GVIA’s agriculture army now enlisting for Join the Ag Revolution

AGRICULTURE is on the cusp of a revolution, with renewed enthusiasm fuelling a transformation.

Precision ag, increased production capabilities and water-saving innovations are all reflective of an industry brimming with opportunity.

And now one of Australia’s rural heartlands is calling forth an agricultural army – a vibrant, skilled workforce to lead in to the new age.

Join the Ag Revolution is an initiative of Gwydir Valley Irrigators Association, created to showcase and promote rural industries, and the passionate people behind them.

GVIA executive officer, Zara Lowien, said the campaign, which launched this week via Facebook, would target social media platforms with a targeted audience of young graduates.

“Australian agriculture has a lot to celebrate – we are a world leader in terms of production, sustainability and quality, and the innovation in the industry is mind blowing,” Mrs Lowien said.

She believes much of the advancement in the industry was thanks to the ‘can-do’ attitude the industry enjoys.

“If there’s one thing rural Australia does well, it is take initiative – we’ve developed infrastructure, designed new tools and equipment, created export markets and spearheaded water-saving innovations, all thanks to our visionary Australian rural community,” she said.

Gwydir Valley Irrigator Association’s Zara Lowien (left) and Louise Gall invite Australia to ‘Join the Ag Revolution’ (Image: Melanie Jensen).

“We want to spread these great messages, while also giving all our industry bodies and individuals a platform for a strong, united voice.”

With the project also aimed at tapping into skilled youth, Zara hopes it encourages job-seekers to consider rural careers not traditionally associated with agriculture.

“Agriculture is now so diverse and technologically advanced that career options are endless, from robotic engineers to drone analytics. The job opportunities are changing and we need to get that message out,” Mrs Lowien said.

In Moree alone she said the local irrigation industry had evolved to include lucrative industries such as horticulture and olives.

“Here in the Gwydir we produce 32 percent of NSW cotton crop with nearly 80 percent of it irrigated,” Mrs Lowien said.

“We also have the largest pecan orchard producing 90 percent of Australia’s pecans and a growing citrus industry.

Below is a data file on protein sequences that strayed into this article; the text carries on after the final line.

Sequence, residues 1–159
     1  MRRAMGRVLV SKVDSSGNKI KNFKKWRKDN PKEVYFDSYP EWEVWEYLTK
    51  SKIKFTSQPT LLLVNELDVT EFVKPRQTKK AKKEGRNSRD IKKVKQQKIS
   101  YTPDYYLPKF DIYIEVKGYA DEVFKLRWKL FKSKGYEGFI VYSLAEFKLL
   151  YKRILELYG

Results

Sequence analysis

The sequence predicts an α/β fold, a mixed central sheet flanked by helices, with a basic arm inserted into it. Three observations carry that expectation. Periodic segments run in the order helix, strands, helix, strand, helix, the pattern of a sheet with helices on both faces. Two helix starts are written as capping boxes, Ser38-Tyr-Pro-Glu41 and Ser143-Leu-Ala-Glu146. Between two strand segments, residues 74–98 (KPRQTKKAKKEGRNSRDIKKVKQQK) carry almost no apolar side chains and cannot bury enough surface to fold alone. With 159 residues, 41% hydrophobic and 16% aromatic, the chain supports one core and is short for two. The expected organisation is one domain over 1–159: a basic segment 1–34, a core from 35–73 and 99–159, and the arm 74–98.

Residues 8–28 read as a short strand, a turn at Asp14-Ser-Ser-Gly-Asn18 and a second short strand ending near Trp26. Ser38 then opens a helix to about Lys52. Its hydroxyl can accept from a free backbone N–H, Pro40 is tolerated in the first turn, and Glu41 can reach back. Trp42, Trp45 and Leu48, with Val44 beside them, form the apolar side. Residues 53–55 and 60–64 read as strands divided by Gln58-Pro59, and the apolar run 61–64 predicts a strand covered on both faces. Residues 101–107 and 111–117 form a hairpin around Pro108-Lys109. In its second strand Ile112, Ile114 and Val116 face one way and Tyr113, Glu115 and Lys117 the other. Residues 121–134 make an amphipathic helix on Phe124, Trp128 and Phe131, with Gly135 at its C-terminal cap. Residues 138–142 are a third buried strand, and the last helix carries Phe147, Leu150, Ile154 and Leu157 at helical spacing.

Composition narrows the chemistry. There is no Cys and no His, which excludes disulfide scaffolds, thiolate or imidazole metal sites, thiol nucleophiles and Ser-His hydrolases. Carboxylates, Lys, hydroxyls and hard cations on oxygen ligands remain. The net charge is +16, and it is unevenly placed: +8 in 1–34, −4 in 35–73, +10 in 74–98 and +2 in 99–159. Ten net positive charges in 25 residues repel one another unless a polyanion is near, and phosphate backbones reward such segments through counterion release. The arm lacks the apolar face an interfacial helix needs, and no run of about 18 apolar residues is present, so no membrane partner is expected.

“We want Join the Ag Revolution to promote the positive future of agriculture, its value to people in regional communities and our commitment to a sustainable environment across Australia.”

The campaign will also feature a number of engaging video releases, created by renowned film production team, Rabbit Hop Films.

The testimonials revolve around local employees, empowered and excited by the future of ag.

Sascha Estens, director of Rabbit Hop Films, said there was a genuine enthusiasm in the rural sector that made compelling content.

“This campaign is also about selling a lifestyle, and with themes based around ‘think outside the city’, we want to celebrate all the fantastic aspects of rural life and grow our communities,” Ms Estens said.

“Ours is a unique lifestyle and one I think young people are excited to embrace, particularly if they know there are worthwhile career opportunities for them.”

Gwydir Valley Irrigator’s Lou Gall said the organisation hoped Join the Ag Revolution would become a platform, not only for the Moree region, but the whole of rural and regional Australia.

“Australian agri-businesses is looking for people with new ideas and skills to help revolutionise the industry. This initiative was created to form a collective community of people that are proud to be a part of Australian agriculture,” Ms Gall said.

She said she was thrilled to be promoting rural Australia, from the coal face, via this high-quality campaign designed entirely by local talent.

“We have the most amazing talent out here in the far corners of regional Australia, and with so many exciting opportunities on the horizon, we couldn’t be more proud – and it’s time to spread the word,” she said.

For more information click here:

Words: Georgina Poole

Image: Melanie Jensen